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This XKCD whatif talks about circumbinary and [the other kind of] exoplanets. How many such exoplanets have actually been discovered? enter image description here

I tried to look it up at exoplanets.org, but didn't find a column mentioning if the star is a binary.

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    $\begingroup$ Have you checked the NASA Exoplanet Archive? They have fields for number of stars in the system and a flag for circumbinary planets (you may need to add them as extra columns). $\endgroup$ – antispinwards Dec 5 '19 at 16:18
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    $\begingroup$ @antispinwards I looked at exoplants.org, but didn't find any column indicating the number of stars in the system. I'll check out the NASA archive $\endgroup$ – usernumber Dec 5 '19 at 16:19
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Go to the exoplanets.org database.

Top left hand dropdown menu - select "Stars"

You get a table listing all the known stars with exoplanets.

Click on the big plus sign in the top right hand of the table and select "Binary Flag"

This will now show a boolean flag that indicates if the star is known to be part of a binary (or multiple) system.

In the FILTER window at the top of the page, just type "BINARY" and the table will just show binary stars.

It is possible to export the table as a csv file using the "export" button at the top right. Counting the number of lines with the BINARY flag indicates that as of December 2019, there are 511 known exoplanets around binary stars.

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  • $\begingroup$ Does the database also indicate which planets are circumbinary and which planets are the other kind? $\endgroup$ – usernumber Feb 28 at 10:55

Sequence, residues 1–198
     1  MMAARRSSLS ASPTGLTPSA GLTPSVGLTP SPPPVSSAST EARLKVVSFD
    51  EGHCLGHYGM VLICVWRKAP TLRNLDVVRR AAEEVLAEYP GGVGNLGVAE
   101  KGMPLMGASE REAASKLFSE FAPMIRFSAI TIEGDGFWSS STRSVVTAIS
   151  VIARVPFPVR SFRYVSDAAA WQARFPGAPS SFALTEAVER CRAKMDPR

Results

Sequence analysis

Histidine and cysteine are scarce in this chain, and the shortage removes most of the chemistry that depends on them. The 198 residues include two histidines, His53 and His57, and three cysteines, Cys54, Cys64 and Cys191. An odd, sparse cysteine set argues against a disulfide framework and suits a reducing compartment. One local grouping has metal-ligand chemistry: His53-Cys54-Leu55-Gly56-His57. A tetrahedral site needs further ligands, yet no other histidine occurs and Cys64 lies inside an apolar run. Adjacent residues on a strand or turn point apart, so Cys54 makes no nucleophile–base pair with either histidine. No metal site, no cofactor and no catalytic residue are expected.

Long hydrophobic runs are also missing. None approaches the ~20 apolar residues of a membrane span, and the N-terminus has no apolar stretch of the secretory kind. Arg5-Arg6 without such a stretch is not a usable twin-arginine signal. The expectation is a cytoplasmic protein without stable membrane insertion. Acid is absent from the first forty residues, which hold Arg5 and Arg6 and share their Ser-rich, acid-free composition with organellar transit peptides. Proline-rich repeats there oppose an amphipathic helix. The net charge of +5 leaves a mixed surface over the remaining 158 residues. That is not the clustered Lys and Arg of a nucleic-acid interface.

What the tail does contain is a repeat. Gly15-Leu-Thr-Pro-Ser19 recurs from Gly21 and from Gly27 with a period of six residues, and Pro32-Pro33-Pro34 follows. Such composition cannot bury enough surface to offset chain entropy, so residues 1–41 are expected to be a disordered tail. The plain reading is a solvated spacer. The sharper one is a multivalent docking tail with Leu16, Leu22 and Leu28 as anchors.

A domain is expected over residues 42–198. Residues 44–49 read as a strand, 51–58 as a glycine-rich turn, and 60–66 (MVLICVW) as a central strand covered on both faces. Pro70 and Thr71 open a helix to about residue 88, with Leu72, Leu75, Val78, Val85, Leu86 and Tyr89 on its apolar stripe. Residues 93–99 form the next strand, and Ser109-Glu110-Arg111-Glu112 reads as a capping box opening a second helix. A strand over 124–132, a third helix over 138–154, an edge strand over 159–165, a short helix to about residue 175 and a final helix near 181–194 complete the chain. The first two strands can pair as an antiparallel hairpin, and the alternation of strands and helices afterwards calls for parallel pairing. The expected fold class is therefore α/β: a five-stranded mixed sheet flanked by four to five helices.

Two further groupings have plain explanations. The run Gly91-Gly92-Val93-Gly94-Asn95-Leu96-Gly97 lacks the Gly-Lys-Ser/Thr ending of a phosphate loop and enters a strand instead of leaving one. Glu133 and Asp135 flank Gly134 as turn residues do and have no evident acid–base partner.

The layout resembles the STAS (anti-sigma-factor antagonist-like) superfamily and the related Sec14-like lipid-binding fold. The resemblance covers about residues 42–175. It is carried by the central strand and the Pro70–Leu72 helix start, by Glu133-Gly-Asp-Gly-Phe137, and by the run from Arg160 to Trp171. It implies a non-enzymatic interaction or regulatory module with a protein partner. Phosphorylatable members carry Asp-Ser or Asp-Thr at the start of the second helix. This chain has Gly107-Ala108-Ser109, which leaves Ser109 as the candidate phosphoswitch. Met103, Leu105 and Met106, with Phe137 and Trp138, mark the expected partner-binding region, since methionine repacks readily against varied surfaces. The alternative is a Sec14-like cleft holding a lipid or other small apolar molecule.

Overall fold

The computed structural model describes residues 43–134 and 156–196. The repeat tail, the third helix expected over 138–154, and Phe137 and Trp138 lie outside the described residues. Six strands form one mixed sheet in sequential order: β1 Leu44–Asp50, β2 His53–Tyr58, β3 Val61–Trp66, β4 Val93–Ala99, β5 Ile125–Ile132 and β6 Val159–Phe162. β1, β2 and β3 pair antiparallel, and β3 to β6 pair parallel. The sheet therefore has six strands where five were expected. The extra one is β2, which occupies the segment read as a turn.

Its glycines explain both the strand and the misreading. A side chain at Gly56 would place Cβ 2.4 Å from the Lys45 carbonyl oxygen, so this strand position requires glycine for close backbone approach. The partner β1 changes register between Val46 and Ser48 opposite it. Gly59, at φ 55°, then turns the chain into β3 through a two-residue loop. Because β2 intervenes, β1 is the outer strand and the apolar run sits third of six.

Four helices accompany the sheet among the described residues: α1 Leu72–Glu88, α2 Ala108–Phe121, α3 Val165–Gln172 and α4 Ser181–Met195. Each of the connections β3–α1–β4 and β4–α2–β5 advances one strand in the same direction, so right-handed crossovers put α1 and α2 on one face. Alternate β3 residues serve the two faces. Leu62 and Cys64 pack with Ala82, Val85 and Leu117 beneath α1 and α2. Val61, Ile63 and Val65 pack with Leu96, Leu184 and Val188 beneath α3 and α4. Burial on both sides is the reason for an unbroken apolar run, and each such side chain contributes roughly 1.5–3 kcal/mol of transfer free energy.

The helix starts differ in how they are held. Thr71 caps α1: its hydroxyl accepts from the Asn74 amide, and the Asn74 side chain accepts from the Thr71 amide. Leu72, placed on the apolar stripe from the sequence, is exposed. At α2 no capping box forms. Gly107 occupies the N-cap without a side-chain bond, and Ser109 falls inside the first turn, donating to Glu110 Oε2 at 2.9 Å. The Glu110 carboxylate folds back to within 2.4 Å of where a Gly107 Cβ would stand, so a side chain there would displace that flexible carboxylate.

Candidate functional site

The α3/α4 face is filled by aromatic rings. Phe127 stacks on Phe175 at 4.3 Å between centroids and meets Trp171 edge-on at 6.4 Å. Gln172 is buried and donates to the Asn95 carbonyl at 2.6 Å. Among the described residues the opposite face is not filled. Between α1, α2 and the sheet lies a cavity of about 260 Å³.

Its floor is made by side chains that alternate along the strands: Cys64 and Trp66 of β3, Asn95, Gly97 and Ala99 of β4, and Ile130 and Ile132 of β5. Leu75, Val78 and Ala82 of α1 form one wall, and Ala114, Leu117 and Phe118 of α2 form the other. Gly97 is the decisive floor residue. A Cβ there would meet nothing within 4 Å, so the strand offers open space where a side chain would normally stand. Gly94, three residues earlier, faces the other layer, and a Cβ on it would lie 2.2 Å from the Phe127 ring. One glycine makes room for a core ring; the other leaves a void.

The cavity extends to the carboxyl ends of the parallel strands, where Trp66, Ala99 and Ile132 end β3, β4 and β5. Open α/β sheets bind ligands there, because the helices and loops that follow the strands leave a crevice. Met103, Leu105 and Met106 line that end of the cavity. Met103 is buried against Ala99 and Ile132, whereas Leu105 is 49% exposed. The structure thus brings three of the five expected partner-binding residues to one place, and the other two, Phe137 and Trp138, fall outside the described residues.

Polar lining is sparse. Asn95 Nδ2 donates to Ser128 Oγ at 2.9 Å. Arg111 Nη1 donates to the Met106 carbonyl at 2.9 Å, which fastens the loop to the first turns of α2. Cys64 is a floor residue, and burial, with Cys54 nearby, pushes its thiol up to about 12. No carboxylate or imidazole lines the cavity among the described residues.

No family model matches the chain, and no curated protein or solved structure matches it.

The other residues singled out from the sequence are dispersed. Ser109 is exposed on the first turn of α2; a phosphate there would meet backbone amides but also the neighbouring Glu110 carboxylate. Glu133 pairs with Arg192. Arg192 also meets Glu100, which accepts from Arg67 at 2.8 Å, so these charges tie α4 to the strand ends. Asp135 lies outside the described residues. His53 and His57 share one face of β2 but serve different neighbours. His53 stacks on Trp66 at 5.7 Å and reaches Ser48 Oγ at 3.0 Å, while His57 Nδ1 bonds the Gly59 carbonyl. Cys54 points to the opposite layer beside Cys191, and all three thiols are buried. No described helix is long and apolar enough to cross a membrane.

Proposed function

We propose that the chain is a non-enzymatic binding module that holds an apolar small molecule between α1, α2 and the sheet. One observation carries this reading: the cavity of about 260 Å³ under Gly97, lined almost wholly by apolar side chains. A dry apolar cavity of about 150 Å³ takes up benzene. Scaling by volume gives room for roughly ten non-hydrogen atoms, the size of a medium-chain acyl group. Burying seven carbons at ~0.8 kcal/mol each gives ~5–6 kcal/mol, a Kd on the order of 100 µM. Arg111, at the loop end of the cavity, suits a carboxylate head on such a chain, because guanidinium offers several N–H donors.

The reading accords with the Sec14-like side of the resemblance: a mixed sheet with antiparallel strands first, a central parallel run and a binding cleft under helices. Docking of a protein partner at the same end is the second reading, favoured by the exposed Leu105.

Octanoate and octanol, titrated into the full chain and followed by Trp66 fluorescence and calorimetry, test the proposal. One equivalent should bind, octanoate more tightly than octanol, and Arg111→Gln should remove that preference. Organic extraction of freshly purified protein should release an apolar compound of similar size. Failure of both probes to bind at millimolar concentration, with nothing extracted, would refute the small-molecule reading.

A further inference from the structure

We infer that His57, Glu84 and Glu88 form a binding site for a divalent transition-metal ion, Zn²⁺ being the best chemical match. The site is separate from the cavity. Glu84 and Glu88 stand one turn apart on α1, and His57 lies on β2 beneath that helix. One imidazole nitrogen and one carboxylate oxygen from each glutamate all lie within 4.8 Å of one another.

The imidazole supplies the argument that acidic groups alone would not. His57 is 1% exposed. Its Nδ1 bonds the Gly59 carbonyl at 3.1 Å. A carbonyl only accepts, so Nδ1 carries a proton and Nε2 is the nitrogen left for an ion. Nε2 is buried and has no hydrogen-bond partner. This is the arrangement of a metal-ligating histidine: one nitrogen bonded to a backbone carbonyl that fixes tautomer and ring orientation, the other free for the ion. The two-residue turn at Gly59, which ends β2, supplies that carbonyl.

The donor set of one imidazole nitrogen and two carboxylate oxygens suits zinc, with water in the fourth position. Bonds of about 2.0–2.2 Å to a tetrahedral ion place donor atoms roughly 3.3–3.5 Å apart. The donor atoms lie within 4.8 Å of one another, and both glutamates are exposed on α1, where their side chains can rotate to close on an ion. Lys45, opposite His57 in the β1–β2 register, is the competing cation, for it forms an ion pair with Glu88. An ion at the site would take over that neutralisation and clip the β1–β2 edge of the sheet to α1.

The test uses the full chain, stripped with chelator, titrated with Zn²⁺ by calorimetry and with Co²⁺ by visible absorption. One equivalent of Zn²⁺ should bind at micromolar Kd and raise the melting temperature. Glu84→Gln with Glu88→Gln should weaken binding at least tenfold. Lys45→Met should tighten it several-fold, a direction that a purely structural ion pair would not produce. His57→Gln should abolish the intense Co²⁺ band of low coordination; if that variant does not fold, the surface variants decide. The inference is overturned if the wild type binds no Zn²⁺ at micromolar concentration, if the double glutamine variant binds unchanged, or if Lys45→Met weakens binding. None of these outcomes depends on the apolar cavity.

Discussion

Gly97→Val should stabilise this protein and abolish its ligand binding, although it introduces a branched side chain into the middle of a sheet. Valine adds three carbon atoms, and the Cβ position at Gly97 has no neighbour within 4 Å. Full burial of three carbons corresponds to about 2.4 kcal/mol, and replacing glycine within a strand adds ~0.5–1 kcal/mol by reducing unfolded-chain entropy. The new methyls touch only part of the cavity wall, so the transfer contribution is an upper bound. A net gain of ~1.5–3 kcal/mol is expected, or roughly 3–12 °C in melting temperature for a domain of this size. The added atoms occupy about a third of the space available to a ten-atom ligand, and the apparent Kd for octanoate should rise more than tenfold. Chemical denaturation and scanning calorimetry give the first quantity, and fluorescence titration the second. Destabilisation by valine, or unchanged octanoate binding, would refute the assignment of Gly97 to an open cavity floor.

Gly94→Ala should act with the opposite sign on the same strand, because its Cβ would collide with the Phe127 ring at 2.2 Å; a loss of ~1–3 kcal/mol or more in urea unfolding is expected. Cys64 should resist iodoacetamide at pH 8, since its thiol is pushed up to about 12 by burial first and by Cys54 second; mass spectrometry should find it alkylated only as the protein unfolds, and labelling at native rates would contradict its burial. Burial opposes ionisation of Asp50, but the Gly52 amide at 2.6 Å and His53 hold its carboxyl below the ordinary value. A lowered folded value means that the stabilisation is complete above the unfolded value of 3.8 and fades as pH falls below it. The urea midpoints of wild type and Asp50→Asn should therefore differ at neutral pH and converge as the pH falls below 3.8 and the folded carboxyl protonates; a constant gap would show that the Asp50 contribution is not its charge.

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A recent paper suggests that there are possibly more planets around binary stars than we have been able to detect because of observational biases. This means that there are more planets in binary systems than what we have discovered. From exoplanet.eu

until recently, observational surveys, especially those relying on the radial velocity method, had been strongly biased against binaries

and

for many cases, the binarity of the system was not known at the time of the exoplanet's discovery and was established by later observational campaigns. This means that there should still be a potentially large population of exoplanet-hosting "single" stars that are in fact members of a (yet undetected) multiple system.

However, the formation of planets is impeded, and any planets are more likely to be thrown out of the system when the separation between both stars is less than 100 AU. So the fraction of binary systems with planets should be smaller than the fraction of single stars with planets.

Another recent paper addresses the question of the frequency of planets in binary star systems based on data from Gaia's second release. Around close binaries, there are very few planets. However, there seem to be many planets around binaries with a white dwarf. So how many planets are around binary stars seems to depend on the geometry of the binary star system.


On a side note, the "other kind" of planet in the xkcd strip is referred to as a "circumstellar planet".

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